Drawing from series of literature on ethno-religious crisis and use of media in managing or encouraging ethno-religious and political crises in Nigeria, this study ventured into exposing the Nigerian citizens’ reaction to media attempt into inculcating religious tolerance as the attitude for a better Nigeria. The study which was based on an inter-religious tolerance media program adopted the use of survey and interview in studying 300 respondents sampled across the three religious groups in Anambra State using voluntary and purposive sampling techniques. The study was based on the social responsibility and social exchange theories of mass communication. Among the specific objectives of the study are to ascertain the respondents frequency of exposure, their perception of the program and whether their exposure to the program encouraged them to tolerate all other religions in the country. Findings revealed that the program does not command attitudinal change among the citizens because political leaders’ mode of power and resource distribution does not suggest that Nigeria is one. It was concluded that until the mass media learn to hold the government accountable, the country will forever remain in ethno-religious and political crises because of height of inequality of different magnitudes. The study therefore, recommended that there must be a sincere paradigm shift from the capitalist order of winner takes all to a liberal order embedded in true federalism anchored on ‘exclusive’ fairness to all irrespective of region or ethnic origin.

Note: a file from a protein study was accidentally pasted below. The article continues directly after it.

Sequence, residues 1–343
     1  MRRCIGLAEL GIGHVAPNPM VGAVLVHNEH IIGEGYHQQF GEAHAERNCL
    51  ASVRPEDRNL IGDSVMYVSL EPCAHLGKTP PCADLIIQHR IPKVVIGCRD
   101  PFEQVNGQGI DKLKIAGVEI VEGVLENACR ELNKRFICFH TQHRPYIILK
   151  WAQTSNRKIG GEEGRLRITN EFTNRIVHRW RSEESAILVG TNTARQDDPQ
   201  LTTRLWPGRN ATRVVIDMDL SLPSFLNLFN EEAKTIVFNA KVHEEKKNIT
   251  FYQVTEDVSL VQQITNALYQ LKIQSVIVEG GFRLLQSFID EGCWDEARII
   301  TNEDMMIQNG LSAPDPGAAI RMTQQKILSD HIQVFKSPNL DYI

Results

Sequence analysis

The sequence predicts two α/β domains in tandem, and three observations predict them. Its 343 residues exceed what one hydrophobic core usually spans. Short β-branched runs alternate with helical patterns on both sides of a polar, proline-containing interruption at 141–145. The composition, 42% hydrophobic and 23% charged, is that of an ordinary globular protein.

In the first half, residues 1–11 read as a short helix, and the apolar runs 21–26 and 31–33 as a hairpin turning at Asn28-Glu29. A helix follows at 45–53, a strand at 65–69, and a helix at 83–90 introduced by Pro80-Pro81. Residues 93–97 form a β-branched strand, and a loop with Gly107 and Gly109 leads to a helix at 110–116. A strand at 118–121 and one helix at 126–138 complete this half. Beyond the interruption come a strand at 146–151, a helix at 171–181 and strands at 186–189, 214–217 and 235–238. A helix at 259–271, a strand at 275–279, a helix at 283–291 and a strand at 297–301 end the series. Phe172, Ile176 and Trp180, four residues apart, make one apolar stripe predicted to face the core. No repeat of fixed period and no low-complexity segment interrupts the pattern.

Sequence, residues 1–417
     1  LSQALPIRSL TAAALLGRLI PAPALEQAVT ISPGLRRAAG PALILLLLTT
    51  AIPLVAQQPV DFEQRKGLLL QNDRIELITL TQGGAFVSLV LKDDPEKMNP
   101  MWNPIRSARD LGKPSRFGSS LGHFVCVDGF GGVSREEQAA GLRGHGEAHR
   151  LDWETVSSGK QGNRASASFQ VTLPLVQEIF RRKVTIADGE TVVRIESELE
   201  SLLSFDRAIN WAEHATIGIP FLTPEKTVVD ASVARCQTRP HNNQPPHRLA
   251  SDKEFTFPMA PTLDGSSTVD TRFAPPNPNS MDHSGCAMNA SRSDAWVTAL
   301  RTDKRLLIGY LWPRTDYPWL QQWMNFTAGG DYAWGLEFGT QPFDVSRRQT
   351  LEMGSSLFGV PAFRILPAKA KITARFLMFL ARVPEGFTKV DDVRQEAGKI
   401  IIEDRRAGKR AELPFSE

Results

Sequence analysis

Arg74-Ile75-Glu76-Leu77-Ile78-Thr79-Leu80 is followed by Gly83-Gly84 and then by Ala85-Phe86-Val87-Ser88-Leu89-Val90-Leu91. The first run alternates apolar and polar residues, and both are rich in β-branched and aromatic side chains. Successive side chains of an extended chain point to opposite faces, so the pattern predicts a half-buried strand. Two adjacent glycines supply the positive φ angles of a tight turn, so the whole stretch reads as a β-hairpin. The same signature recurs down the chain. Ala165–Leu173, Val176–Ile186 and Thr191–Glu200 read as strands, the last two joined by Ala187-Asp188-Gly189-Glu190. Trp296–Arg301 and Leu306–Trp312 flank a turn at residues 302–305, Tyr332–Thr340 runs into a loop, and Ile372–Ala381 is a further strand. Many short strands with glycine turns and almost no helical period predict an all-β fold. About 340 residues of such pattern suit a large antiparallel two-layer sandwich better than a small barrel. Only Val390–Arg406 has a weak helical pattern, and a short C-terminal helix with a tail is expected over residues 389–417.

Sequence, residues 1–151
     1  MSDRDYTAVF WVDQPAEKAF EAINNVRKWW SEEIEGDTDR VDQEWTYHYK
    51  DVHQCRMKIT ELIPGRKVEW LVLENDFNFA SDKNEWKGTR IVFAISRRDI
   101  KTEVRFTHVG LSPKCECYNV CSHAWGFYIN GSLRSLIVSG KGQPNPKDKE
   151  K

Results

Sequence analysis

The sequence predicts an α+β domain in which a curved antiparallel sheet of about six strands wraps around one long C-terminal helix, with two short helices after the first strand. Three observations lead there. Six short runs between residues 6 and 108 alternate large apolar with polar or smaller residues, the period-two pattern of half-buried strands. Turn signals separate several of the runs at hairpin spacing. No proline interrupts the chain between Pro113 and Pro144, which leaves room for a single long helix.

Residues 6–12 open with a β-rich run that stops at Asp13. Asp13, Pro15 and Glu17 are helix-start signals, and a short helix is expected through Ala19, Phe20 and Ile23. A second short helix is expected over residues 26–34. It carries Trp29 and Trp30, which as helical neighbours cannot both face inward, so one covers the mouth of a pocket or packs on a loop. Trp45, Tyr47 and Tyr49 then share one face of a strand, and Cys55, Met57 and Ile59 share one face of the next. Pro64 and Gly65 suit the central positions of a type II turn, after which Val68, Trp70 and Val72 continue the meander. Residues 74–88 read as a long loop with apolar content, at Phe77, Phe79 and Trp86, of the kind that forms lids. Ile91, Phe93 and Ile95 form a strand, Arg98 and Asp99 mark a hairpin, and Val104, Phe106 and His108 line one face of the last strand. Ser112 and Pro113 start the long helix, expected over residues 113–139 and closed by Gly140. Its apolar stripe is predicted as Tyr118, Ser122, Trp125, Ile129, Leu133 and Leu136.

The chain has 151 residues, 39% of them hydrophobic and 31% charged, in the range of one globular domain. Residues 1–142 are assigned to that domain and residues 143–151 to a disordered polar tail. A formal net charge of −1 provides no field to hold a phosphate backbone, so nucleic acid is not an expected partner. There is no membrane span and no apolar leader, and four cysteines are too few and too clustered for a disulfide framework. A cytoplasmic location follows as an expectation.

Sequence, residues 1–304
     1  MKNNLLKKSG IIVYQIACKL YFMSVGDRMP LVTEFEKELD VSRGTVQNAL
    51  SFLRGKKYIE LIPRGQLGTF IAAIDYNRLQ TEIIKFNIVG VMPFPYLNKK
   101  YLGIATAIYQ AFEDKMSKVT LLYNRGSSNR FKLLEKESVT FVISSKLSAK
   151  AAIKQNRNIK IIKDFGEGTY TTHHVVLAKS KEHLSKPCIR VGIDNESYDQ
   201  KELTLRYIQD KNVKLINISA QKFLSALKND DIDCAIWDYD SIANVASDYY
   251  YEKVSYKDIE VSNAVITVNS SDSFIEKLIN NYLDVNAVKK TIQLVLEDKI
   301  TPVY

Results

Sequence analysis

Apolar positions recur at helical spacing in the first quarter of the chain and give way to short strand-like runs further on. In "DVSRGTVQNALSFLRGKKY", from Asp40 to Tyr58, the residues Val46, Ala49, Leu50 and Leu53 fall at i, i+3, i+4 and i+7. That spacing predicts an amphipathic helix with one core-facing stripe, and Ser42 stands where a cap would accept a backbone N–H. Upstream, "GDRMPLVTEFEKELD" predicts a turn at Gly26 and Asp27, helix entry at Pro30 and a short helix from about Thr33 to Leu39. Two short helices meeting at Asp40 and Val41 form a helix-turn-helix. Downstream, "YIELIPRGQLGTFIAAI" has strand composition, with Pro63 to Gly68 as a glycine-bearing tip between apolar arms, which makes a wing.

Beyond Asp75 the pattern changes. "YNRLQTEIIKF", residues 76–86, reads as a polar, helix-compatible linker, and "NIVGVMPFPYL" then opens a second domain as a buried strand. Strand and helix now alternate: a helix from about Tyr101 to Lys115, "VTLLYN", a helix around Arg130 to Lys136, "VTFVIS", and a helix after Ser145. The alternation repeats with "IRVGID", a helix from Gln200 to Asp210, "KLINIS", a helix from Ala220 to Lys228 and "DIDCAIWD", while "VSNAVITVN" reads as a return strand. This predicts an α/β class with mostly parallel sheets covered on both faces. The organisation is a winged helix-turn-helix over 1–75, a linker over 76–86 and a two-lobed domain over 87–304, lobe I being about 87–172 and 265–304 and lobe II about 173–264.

This work by European American Journals is licensed under a Creative Commons Attribution-NonCommercial-NoDerivs 3.0 Unported License